Luc Besson wrote and directed the film, based on the comics by Pierre Christin and Jean-Claude Mezieres, and brings it's universe wonderfully to life with some of the most dazzling and imaginative imagery I've seen on screen in a long, long time. It is very much in the same style as Besson's The Fifth Element in it's design, but on steroids (which makes sense since the Valerian and Laureline comics heavily influenced that film). In the well worn era of science fiction, Besson and his crew manage to come up with some genuinely imaginative visuals. There are some unique action sequences to, such as an extended action sequence where Valerian and Laureline have to infiltrate a giant marketplace, which exists in a seperate dimension, but through special glasses and trans-dimensional box, they are able to interact with the marketplace to retrieve an important object. It's a wild concept and something I greatly enjoyed seeing play out on screen. There is another sequence that is a chase through the city that really shows how this patchwork came together as Valerian is running through walls and running on top of various tunnels. Besson's unique, candy-colored style for this film more than anything is what people will remember.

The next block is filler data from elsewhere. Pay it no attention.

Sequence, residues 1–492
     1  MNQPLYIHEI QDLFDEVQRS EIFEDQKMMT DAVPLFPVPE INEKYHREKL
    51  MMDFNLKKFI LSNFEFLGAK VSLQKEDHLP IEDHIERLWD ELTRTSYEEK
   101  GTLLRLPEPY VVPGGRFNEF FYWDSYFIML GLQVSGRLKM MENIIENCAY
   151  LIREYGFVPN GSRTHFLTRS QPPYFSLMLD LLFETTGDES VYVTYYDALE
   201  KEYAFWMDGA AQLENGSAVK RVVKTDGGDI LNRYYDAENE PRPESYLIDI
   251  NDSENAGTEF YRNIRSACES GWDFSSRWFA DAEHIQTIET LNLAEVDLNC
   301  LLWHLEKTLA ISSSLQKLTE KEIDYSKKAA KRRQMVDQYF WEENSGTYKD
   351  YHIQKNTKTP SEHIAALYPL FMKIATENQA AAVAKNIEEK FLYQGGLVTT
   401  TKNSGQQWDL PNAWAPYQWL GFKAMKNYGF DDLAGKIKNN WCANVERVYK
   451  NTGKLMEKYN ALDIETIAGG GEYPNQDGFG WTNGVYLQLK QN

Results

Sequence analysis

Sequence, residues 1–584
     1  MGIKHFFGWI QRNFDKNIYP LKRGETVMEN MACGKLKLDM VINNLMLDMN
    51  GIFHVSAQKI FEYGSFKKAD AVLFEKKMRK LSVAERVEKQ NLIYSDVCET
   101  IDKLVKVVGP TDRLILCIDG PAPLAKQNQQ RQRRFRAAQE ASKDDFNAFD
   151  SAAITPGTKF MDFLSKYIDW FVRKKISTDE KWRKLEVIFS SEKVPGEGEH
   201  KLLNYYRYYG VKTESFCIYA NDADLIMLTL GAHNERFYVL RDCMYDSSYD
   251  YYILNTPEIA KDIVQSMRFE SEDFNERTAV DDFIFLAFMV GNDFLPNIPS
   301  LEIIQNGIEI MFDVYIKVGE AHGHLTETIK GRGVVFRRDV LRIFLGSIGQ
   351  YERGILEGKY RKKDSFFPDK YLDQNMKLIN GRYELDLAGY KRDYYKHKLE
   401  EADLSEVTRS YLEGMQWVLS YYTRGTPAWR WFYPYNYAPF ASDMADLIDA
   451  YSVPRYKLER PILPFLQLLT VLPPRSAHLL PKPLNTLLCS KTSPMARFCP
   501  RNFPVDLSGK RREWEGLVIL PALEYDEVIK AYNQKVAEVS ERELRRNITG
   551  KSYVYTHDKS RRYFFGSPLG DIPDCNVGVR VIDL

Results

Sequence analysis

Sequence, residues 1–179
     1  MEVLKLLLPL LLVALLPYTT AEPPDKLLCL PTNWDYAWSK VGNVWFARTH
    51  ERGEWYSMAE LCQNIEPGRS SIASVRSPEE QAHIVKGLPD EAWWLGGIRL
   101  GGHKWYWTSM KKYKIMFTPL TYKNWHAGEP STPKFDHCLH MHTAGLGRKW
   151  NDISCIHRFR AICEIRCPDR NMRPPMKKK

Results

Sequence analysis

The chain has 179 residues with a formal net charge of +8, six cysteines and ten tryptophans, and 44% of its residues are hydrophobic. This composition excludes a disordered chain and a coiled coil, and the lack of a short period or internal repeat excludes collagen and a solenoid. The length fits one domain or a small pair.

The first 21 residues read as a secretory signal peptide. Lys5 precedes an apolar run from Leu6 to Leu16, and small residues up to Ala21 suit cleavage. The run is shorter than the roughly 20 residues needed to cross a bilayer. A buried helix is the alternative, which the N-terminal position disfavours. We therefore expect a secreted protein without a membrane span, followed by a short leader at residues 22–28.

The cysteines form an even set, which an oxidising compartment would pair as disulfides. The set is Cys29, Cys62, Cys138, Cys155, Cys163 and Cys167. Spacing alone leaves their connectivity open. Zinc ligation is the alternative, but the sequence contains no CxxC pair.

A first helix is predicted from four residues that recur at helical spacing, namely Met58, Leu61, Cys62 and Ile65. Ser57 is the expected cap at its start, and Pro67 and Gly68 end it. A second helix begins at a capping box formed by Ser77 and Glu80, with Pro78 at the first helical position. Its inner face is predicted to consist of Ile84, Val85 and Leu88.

Where the film falters is the storyline. It's not overly original and not something we haven't seen before. I didn't mind it so much because the film did sweep me up into everything fairly easily. But looking back, there isn't much there that I haven't seen elsewhere. The film certainly has a great cast starting with it's two leads, Dane DeHaan and Cara Delevingne. There is a problem with the two of them together though as Valerian and Laureline are supposed to be a romantic couple in addition to working partners but I never once bought that they were in the slightest bit in love with one another as Dane and Cara have exactly zero chemistry with one another. Valerian states at one point in the film he is ready to settle down with Laureline but she doubts him and I did to because there was absolutely nothing between them. It wasn't enough to wreck the movie for me, but it was a decided problem. I liked Dane and Cara a lot as their characters but they just didn't seem that romantically inclined. Then again, romantic subplots were never Luc Besson's strong suit to begin with. I never really bought Bruce Willis and Milla Jovovich as a romantic couple in The Fifth Element either, aside from some initial lusting from Willis when he first meets Jovovich's character.